While the majority of businesses are subject to the standard corporate tax rate (currently 28%), very few business owners realise that there are two dispensations, available only to small businesses, which entail a number of tax concessions.
Two tax breaks for small businesses have been introduced for the dual purposes of expanding the small business sector by offering tax relief, and expanding the “tax net” to increase the number of business complying with tax law and contributing to the fiscus.
The first dispensation is that of Small Business Corporations (SBCs). An SBC is not a separate legal form of business (such as a close corporation or a private company), but rather a tax “concession” which existing businesses can qualify for. While there are specific benefits to qualifying as an SBC, such as accelerated asset write off periods, the main benefit comes in the form of paying a reduced percentage of tax on profits in a tiered manner – as compared to a flat rate of 28%, as is the case with a standard business. For the 2011/12 tax year (which applies to most tax returns being completed at the moment and in the near future), and the 2012/13 tax year, a qualifying SBC pays tax at the following rates:
• A business with a taxable income of less than R63 556 pays no income tax.
• A business pays only 7% tax on the income of between R63 556 and R350 000. (a total of R20 051 if the taxable income is exactly R350 000.
• A 28% tax is payable on taxable income above R350 000.
However, Sars cannot permit just anybody to get their hands on this saving, thus restricting who qualifies. Each and every one of the following criteria must be met (for the full tax year):
• The business must be a close corporation or a company (sole proprietorships and partnerships excluded).
• The business may not be an employment company.
• All members or shareholders must be natural persons.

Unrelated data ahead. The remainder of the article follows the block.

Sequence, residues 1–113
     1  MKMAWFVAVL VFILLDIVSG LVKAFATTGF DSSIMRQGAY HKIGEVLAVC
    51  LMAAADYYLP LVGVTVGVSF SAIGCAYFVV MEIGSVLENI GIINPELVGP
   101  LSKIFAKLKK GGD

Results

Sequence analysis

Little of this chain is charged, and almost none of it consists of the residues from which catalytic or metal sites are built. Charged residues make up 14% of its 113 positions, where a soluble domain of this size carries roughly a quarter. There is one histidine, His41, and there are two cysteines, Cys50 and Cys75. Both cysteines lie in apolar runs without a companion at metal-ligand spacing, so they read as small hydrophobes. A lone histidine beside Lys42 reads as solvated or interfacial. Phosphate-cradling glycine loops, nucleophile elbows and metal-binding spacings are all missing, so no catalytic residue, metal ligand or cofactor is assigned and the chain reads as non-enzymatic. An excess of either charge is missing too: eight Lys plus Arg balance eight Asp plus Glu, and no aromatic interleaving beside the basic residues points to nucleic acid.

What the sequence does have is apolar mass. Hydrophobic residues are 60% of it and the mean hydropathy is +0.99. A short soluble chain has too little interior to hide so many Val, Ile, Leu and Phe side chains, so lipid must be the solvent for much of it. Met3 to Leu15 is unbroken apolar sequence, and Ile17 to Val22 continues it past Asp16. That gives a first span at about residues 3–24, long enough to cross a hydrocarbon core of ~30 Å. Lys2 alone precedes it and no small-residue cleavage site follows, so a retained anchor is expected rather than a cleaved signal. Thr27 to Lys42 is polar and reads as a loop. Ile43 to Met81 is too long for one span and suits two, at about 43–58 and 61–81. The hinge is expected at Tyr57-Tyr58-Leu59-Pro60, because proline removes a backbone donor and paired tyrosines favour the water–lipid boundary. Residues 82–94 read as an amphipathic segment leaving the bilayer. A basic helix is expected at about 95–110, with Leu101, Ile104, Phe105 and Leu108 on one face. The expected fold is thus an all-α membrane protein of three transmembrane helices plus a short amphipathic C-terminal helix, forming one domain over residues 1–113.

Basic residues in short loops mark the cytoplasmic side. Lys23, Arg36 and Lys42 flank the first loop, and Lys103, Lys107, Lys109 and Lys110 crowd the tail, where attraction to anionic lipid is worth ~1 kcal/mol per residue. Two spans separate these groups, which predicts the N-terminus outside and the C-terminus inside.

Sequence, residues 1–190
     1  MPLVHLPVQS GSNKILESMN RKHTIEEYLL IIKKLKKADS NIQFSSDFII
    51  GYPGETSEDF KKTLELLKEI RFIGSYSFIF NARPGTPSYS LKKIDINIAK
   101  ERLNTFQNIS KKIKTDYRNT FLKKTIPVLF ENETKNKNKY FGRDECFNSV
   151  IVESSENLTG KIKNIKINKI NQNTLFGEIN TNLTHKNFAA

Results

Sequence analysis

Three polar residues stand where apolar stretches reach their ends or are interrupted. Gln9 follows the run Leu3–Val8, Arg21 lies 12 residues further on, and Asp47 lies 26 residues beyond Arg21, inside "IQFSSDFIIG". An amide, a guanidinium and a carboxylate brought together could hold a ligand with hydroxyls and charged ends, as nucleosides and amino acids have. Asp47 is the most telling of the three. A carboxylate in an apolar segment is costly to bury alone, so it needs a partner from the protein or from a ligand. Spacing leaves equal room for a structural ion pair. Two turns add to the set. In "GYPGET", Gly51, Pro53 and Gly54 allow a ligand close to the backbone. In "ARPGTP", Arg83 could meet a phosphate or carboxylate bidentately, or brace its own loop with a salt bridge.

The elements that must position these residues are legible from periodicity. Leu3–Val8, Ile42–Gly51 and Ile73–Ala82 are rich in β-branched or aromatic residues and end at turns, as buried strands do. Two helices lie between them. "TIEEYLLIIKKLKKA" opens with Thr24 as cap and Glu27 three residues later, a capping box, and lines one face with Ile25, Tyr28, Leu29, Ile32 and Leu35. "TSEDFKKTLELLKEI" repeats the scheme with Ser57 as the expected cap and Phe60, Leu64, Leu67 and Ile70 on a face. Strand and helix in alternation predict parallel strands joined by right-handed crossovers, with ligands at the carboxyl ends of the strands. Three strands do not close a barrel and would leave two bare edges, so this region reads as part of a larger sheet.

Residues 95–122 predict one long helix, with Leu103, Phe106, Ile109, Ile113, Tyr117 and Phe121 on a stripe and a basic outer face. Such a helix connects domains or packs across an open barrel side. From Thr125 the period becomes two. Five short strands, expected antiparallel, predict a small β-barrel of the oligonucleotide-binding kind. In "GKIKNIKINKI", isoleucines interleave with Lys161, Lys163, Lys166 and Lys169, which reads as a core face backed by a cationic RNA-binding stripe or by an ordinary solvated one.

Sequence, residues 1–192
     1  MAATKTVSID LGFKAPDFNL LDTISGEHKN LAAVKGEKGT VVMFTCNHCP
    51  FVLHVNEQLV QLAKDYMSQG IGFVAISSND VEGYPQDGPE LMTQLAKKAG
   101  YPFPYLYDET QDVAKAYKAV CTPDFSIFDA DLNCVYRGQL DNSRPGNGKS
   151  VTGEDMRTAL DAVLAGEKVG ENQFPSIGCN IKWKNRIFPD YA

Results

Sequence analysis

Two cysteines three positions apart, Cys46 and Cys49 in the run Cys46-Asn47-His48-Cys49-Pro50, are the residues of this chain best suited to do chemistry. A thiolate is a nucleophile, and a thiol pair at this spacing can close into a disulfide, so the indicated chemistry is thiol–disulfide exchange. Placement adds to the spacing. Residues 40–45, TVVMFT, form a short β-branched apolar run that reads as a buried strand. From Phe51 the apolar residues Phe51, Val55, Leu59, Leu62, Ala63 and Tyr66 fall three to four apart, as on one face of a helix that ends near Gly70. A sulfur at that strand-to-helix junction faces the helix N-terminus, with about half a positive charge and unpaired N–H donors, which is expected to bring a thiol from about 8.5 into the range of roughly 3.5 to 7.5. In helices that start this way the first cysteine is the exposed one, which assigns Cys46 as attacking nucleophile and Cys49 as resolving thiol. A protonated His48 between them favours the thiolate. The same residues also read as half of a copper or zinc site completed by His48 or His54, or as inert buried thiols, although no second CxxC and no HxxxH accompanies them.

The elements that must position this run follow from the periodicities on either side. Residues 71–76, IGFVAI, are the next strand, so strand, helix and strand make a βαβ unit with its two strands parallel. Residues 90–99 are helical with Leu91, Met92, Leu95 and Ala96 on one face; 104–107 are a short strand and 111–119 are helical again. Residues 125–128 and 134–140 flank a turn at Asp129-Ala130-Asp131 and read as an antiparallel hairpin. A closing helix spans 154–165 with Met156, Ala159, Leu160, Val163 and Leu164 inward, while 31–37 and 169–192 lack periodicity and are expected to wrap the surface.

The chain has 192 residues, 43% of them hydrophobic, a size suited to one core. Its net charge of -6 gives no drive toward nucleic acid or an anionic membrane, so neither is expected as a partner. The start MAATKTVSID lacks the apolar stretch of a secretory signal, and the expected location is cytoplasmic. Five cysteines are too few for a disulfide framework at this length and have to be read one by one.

• The members or shareholders cannot hold an interest in any other business (with certain specific exemptions).
• Turnover for the year may not exceed R14m.
• Not more than 20% of the total income may come from investments or from the rendering of personal services (certain exemptions apply as well).
The second dispensation, introduced much more recently, is known as Turnover Tax. Under this concession, qualifying businesses (there are a number of restrictions here too), with an annual turnover of R1m or less can elect to be taxed on their turnover figures instead of their profit figures. The intention here is to simplify the administration burden, as business owners would only need to have their turnover figures to be able to calculate their tax liability. The single tax figure calculated includes the business’s VAT as well, further simplifying the situation (although one would need to de-register for VAT if already registered and wishing to qualify). One of the restrictions is that personal service providers and “professional services” (auditors, lawyers, consultants, etc.), are excluded from qualifying.
The rates at which the Turnover Tax is paid are as follows:
• No tax on turnover below R150 000
• 1% tax on turnover above R150 000
• R1,500 plus 2% of taxable turnover above R300,000
• R5,500 + 4% of taxable turnover above R500,000
• R15,500 + 6% of taxable turnover above R750,000
Now, before you go rushing to register your micro-business for Turnover Tax because the rates seem much lower, do your sums.
Firstly, assuming you meet all the other criteria, keep your eye on the turnover levels: You can only qualify for Turnover Tax if your turnover is R1m a year or less, whereas the threshold for SBCs is 14 times that.
Then, very importantly, realise that with Turnover Tax the tax is payable regardless of whether or not the business makes a profit. So, whereas you may have paid low (or no) tax under the SBC concession (because of a small profit, or a loss), you may actually end up paying in much more under Turnover Tax. As a rule of thumb, if you have big, healthy margins, Turnover Tax could work for you. However if your margins are generally tighter, you’re probably better off using the SBC concession.
When making a decision involving your business’ finances, seeking professional advice is always advised, especially when needing to make strategic changes to qualify for certain concessions. All in all though, these concessions can be substantial. They could even be the difference between your business being viable or not and should certainly be taken into account when doing business, financial, and tax planning.